In a review of the link between reduced meat consumption and increased longevity it was concluded that while studies have found a relationship between reduced meat consumption and increased longevity, methodological problems require that further research is undertaken to determine causal relationships. The difficulty in delineating between the groups on meat consumption is evident when those eating meat less than once a week are considered nonvegetarian for group analysis purposes [25]. Further some studies have used the self-definition of vegetarian to separate participants, which may not reflect eating patterns as many self-described vegetarians eat meat. An American study found that although the overall diets of self-described vegetarians was healthier than nonvegetarians, two-thirds of self-described vegetarians still ate red meat, poultry, or fish based on a two-day diet recall [26]. Some of these methodological flaws reduce the power to detect a difference between vegetarians and nonvegetarians and the relationship between reduced meat consumption and longevity could be stronger than results indicate [25]. It could also be the protective effect of plant-based foods rather than elimination of animal-based food that is the important factor in determining health outcomes [25].

A review of the literature on plant-based diets and cardiovascular disease concluded that rather than concentrating on total fat consumption the type of fats is very important [16]. A diet consisting of whole grains, unsaturated fats from sources like nuts, high consumption of fruits and vegetables, and adequate intake of n-3 fatty acids can positively impact on reducing the risk of CVD [16]. With this type of diet it was concluded that animal products could be included such as fish, poultry, and low-fat dairy [16]. A study of 34,192 Seventh-Day Adventists found that decreased beef consumption among men was related to a decreased rate of ischemic heart disease (IHD) [27]. It was not clear whether this was due to the negative health consequences of beef consumption such as increased saturated fat or the positive factors of an increase in vegetable and fruit consumption among vegetarians. It was concluded that only comparing diet and health outcomes among Seventh-day Adventists should reduce the effect of confounding variables such as smoking and alcohol consumption, which is low among all participants of this group unlike diet, which is more variable. However, such variables cannot be eliminated as possible mediators for these results.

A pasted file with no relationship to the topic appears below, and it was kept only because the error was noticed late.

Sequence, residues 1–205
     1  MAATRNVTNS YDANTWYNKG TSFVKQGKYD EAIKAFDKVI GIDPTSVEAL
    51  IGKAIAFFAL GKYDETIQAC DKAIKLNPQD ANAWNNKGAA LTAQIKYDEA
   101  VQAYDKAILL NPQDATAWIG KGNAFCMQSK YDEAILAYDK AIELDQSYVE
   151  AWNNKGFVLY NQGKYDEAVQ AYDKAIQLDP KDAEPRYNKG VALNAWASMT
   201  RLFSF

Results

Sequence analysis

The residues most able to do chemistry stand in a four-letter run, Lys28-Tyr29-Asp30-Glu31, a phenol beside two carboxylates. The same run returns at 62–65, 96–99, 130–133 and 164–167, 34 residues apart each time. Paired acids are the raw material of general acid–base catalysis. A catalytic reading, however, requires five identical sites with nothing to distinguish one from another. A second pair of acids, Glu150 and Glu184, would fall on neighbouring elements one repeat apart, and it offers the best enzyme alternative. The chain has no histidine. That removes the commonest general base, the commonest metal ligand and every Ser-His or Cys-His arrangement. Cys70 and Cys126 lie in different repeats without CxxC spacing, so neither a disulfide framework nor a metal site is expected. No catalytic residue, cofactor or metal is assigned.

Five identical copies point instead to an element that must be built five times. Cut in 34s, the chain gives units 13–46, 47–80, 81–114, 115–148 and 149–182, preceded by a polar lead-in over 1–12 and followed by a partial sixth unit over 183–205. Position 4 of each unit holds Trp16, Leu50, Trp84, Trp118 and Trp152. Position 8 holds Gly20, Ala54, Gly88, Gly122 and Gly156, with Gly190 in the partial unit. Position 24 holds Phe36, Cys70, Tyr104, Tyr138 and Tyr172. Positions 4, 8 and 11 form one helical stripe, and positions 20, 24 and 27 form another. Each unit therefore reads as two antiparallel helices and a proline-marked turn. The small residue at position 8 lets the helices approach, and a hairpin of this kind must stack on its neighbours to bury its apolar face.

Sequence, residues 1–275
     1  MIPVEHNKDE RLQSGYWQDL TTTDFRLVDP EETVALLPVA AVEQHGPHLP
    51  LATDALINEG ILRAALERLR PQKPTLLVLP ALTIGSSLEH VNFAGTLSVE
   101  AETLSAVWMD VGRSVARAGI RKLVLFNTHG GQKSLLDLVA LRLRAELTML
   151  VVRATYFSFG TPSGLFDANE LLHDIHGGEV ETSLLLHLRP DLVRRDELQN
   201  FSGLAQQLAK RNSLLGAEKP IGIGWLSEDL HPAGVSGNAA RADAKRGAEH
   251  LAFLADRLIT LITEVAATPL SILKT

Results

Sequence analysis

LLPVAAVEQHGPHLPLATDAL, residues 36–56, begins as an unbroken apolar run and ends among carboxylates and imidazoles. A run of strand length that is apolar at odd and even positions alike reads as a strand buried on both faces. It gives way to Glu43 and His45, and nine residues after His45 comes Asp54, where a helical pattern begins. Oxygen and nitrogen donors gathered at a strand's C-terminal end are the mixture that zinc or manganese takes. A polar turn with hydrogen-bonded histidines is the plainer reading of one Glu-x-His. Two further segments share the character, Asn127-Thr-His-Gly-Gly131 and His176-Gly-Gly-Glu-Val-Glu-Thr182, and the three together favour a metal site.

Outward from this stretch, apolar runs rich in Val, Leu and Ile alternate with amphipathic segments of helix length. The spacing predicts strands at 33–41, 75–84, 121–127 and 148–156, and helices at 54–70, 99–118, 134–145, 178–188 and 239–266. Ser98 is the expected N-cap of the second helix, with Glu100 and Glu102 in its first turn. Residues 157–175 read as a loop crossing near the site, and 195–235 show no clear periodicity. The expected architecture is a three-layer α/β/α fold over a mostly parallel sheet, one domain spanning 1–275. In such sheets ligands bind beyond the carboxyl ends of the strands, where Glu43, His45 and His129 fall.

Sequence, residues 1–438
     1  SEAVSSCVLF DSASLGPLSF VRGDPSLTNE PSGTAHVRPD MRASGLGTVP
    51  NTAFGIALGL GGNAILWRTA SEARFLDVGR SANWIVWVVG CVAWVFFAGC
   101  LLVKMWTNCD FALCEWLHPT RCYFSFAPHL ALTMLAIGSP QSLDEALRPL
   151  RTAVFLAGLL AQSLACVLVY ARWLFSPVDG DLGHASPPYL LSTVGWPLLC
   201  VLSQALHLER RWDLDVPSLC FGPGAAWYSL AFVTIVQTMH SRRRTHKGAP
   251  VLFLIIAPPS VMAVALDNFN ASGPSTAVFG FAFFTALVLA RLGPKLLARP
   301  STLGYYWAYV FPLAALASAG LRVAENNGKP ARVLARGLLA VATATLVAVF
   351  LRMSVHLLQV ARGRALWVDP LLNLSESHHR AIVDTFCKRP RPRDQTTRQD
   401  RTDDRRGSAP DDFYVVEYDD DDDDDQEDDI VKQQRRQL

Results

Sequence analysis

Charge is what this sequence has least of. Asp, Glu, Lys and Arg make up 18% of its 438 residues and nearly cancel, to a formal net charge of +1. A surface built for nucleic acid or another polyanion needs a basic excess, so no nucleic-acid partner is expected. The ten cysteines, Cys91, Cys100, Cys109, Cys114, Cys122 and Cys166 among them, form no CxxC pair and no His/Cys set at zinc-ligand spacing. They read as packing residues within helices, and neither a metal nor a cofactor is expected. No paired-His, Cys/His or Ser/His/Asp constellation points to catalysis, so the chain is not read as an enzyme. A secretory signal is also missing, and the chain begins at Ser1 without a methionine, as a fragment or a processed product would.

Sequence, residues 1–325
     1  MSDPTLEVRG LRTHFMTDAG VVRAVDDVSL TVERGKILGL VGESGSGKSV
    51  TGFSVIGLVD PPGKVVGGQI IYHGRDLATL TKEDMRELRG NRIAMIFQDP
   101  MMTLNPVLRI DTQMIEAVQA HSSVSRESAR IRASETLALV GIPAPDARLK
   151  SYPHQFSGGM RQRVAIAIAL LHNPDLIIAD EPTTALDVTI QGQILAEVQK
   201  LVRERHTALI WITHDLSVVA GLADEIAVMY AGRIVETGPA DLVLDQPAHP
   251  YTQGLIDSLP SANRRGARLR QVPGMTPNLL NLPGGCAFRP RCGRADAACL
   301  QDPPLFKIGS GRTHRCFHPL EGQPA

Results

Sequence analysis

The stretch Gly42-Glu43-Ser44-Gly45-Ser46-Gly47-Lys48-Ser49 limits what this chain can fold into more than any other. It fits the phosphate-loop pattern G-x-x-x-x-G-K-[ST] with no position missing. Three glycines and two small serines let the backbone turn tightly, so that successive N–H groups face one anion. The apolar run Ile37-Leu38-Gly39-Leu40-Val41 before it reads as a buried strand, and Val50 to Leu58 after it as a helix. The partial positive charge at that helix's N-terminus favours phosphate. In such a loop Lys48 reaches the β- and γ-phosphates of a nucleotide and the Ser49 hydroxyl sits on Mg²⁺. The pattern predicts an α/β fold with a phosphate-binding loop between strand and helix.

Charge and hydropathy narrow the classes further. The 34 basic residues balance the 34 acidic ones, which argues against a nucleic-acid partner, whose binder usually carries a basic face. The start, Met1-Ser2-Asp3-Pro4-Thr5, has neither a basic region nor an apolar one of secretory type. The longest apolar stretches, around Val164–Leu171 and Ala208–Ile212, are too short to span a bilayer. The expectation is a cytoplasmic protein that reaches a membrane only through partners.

A review of weight and vegetarian status by Berkow and Barnard [28] found 40 studies examining this relationship. Of these, 29 found that people consuming a vegetarian diet had significantly lower BMI or body weight and a further nine found a lower but not significant reduction, which was mainly due to small sample size. There were two studies that found a nonsignificant increase in body weight or BMI among vegetarians, but this was again confounded by small sample sizes and the inclusion of “health-conscious” volunteers. The possible mechanisms for this reduction in body weight are reduced energy intake, higher consumption of fibre and carbohydrates that are less energy dense, and lower intakes of fats that are energy rich. The vegetarian diets, while consuming adequate levels of proteins, are generally lower in protein than nonvegetarians and this may also relate to body weight. It was concluded that the health benefits of vegetarian diets in reducing risk of chronic diseases may be mediated in part by lower body weight [28].

A position paper of the American and Canadian Dietetics Associations commented that vegetarians have been found to have lower rates of prostate and colon cancer and cancer rates overall but separating dietary from other possible reasons for this relationship is difficult [19]. The 2007 report of the World Cancer Research Fund and American Institute for Cancer Research concluded that meat consumption increased the risk of colorectal cancer but did not make the same conclusion for other cancers [18]. The link between breast cancer and meat consumption has produced more conflicting results compared to the more consistent associations between cancers of the gastrointestinal system and meat consumption [29].

It has been recommended that people at risk of cardiovascular disease and cancer adopt vegetarian diets [30]. It has also been proposed as a means to treat type 2 diabetes [17]. An intervention study for type 2 diabetes participants that deliberately did not involve an exercise component to isolate the effects of diet found that those patients on a vegan diet program made significant improvements in biomedical markers for the disease. While both the vegan diet and control group, which followed the recommended American Diabetes Association (AMA) guidelines, showed significant improvement; the changes were larger in the vegan diet group. In addition the drop-out rate was lower in the AMA group and the authors concluded that it may be easier to comply with the vegan diet as the AMA diet contains restrictions on portion sizes which people find difficult to maintain [31].

When considering the health benefits of plant-based diet, this review did not discuss the food-borne diseases that arise from animal based foods [32]. While universal adoption of plant-based diets was not considered a plausible option, diseases of animal origin that are threats to humans, such as bird flu, would cease to exist if animals were not used for food [33]. However, it has been argued that the link between human’s use of animals for food and increased risk of zoonotic diseases can be made public and addressed [34].

4. Shifting Dietary Practice